Momofuku Ko … go to Ko NOW

DINING OWL AWARDS4th – standout dishes; 4th – serving staff

When I visited: May 2013

Location: NYC, near NYU (between East 10th and 11st Street, 1st avenue, behind a discreet peach door) – NOW MOVED LOCATION

Team: Sean Gray (Executive Chef), David Chang (Chef and Founder)

Rating in the Michelin Guide: 2 stars

Dining Owl Hoot rating: 5/5

What to wear: Could go casual

Ambience: Casual, you sit at the bar, all about the food

Course of the meal: Flying fish two ways

If I could change one thing: More comfortable seats


Ko is one of the most unusual and most special restaurant I’ve ever visited. It only seats about 11 people, so is very hard to get into; there is no dress code, so most of the diners look very casual; and you all sit at the bar and watch the food being created in front of you. The courses are tiny and pretty healthy, with an emphasis on lightness and protein, and the location of the restaurant is difficult to pinpoint as it’s hidden behind a discreet door with a peach on it (AMAZING) which makes you feel like you’ve gained entry to a secret club. The wine is also absolutely delicious.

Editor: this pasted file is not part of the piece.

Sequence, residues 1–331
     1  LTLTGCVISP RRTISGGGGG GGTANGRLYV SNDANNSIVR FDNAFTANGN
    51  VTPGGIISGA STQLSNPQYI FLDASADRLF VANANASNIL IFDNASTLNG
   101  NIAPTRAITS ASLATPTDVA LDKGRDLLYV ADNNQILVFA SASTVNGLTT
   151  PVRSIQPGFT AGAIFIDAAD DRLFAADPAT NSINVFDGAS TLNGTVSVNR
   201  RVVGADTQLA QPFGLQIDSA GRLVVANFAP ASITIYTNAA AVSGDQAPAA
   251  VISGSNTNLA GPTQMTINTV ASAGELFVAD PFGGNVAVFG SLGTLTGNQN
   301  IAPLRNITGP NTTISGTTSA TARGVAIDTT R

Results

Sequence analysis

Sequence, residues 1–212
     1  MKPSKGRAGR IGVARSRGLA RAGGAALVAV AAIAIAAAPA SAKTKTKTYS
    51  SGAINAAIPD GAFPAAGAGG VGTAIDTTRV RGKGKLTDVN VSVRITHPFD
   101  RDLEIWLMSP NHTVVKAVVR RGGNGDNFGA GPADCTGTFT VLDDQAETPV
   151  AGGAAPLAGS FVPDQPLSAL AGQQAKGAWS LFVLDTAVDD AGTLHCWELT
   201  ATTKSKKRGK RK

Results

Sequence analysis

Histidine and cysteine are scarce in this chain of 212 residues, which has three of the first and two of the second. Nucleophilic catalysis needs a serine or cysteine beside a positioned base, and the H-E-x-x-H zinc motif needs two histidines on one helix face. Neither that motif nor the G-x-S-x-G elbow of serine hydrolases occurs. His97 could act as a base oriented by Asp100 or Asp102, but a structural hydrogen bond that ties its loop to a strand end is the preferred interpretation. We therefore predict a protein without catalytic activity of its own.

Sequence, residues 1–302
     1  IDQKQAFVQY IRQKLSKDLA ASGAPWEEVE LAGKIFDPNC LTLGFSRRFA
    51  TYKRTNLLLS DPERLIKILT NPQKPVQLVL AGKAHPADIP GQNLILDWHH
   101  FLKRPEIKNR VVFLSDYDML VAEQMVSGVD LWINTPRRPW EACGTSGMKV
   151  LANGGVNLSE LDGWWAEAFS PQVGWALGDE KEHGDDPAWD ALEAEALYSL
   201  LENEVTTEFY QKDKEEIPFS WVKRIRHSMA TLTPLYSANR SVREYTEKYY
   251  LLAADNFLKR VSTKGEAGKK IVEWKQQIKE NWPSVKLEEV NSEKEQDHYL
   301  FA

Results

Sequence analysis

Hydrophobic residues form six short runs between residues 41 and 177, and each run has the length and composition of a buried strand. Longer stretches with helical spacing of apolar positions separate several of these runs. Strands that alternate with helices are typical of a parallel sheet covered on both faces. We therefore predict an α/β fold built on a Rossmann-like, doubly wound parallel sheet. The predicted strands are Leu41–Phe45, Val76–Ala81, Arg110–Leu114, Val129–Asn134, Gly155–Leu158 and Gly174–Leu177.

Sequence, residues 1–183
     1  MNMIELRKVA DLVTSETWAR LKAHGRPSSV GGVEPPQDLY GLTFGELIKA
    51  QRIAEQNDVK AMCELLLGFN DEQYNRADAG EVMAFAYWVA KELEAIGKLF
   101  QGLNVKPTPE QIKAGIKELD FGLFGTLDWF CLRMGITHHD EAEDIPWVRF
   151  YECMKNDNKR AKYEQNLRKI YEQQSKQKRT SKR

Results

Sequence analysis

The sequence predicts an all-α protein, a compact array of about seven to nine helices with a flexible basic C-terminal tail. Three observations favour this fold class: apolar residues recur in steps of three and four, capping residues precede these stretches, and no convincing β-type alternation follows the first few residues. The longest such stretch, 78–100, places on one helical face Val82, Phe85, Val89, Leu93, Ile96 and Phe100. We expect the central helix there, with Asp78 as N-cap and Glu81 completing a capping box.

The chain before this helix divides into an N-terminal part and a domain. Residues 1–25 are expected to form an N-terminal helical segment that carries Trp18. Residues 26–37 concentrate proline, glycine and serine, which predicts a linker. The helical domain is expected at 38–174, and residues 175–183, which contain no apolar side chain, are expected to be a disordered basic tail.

I visited with my partner Owl and we had the dinner tasting menu, with a white Tonerre Agicote wine. We started with a fish crisp (reminiscent of those at Texture), followed by lobster with mustard seeds. We then had a standout course of flying fish done two ways, followed by Hamachi sushi and then mackerel with grated blood orange. To their credit, although the chefs were preparing this with impressive attention to detail while being watched by all the diners, they still took the time to be friendly and explain each dish, and laugh and joke with the guests.

Next we had scallop with bacon and milkless chowder with potato bread, followed by poached egg with caviar, potato crisps, and onion sous vide with potato bread. You can see from these middle courses that some of the ‘posh’ ingredients prevalent in Michelin restaurants (such as caviar and scallops) did appear here but they were presented in such unusual ways that they were far from standard or boring.

The fish theme continued with sea bass served with fern and mushrooms, then we had a rare meat course of smoked duck jerky with pea ravioli. Following these courses was perhaps the high point in a meal full of high points: frozen foie gras with lychee and pineapple – just utterly perfect and fresh. The ‘main’ courses ended with lamb, potato and garlic.

We got two desserts: lime meringue with coconut milk ice cream and dehydrated discs of lime meringue, and chocolate and sesame seed sauce with grapefruit. Amazing.

I would definitely recommend that anyone visiting NYC visit Ko, but as I said it is very hard to get into so you’ll probably have to put some effort into booking it beforehand and maybe compromise on your dining time / day if possible – it’s totally worth it!

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